General David Petraeus was recently interviewed by the BBC:
"Northern Ireland, I think, taught you that very well. My counterparts in your [British] forces really understand this kind of operation... It took a long time, decades," he said.
The question is how can we gradually reduce our forces so we reduce the strain on the army, on the nation and so forth.
"I don't know whether this will be decades, but the average counter insurgency is somewhere around a nine or a 10 year endeavour."
I'm surprised this statement hasn't gotten more play in the media. With all of the focus on the much-anticipated "progress report" coming in September, little attention has been paid to the bigger picture: that any counterinsurgency campaign in Iraq is likely to last at least another 10 years. This reality makes the whole point of measuring progress by September rather irrelevant. Wherever we are in September it will still be at least another 10 years before the insurgency in Iraq is defeated. The question in September won't be whether the surge is working to the point that victory is just around the corner. Instead, the question will be, given what we have seen of the results of the surge so far, do we as a nation want to pursue this strategy, or one similar to it, for at least a decade or more. The answer to that will, of course, be a resounding "no" from both sides of the aisle.
The Northern Ireland analogy is one that I use quite often and I find it interesting that Petraeus has chosen it. As we all know, the Northern Ireland conflict ended with a negotiated solution between the warring parties. One wonders if Petraeus believes that aspect of the Northern Ireland conflict applies to the situation in Iraq. Surely he doesn't believe that Al Qaeda can be reasoned with, but I think it's highly likely that he is at least considering a path towards a negotiated settlement with the various Sunni insurgent groups that are responsible for the majority of the problems in Iraq.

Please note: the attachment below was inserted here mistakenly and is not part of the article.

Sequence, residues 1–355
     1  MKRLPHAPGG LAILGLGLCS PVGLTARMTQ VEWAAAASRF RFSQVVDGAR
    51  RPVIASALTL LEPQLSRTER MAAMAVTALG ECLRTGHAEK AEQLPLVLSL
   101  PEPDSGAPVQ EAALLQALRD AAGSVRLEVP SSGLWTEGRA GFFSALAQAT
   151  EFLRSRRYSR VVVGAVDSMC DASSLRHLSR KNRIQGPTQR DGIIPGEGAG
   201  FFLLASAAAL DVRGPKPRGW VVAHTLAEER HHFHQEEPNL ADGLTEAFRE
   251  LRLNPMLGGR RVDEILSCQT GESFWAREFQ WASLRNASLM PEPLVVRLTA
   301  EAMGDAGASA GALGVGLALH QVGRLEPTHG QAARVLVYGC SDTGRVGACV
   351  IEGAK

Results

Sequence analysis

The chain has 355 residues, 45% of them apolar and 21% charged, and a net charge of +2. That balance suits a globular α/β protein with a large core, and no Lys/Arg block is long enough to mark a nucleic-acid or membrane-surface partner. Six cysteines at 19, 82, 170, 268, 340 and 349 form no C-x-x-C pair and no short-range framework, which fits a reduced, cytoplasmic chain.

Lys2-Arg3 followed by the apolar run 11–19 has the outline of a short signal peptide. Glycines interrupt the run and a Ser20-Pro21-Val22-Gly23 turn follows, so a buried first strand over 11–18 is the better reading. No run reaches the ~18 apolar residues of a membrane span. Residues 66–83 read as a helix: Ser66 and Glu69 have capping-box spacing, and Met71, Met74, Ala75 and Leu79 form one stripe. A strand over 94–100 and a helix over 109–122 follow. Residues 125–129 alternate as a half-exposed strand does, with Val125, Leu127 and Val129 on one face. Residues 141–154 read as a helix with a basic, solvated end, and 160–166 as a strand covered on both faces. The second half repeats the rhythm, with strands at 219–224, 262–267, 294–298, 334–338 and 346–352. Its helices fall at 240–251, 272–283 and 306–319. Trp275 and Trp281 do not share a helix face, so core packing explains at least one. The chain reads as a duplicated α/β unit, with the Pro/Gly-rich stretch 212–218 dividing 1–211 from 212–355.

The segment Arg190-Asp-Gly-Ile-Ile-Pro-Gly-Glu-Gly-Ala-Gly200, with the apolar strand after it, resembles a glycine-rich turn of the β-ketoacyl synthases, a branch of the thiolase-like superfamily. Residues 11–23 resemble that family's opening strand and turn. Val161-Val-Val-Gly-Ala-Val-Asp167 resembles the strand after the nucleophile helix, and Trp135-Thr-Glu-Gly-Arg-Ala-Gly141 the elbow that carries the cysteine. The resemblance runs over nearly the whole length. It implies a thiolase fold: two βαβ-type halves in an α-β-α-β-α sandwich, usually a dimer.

A negotiated peace agreement with the Iraqi insurgent groups will be very difficult to achieve given the fragmented and dysfunctional nature of the current Iraqi government. There simply is no credible or legitimate government that could negotiate such an agreement at this point in time. The Sunnis will no doubt continue to demand an end to the foreign occupation, curbs on expanding federalism, equal distribution of oil profits and a reversal of the onerous deBaathification policies. None of this is likely to occur given the current position of the Shiites who enjoy outright control of the government, police and military. There simply is no compelling reason for them to accommodate the Sunnis at this point in time, and they have 170,000 US troops in country to back up that stance.
Ultimately, what all this means is that evaluation of the success or failure of the surge come September is really irrelevant. The process of political reconciliation has gone nowhere and the Sunni insurgency is in a position to continue their fight for decades. As for Al Qaeda, it seems highly unlikely that Petraeus will announce they have been finished off or that there is any prospect for doing so in the foreseeable future. There are not enough US troops in the country to seal the borders and prevent new recruits from replenishing the ranks of Al Qaeda who've been killed or captured in the country. Therefore, any tactical successes over Al Qaeda are merely short term given the virtually limitless supply of young men in the Arab world who are willing to take up their cause in Iraq.
So the question in September really boils down to this: do we want to keep at this another 10 years or have we had enough already?
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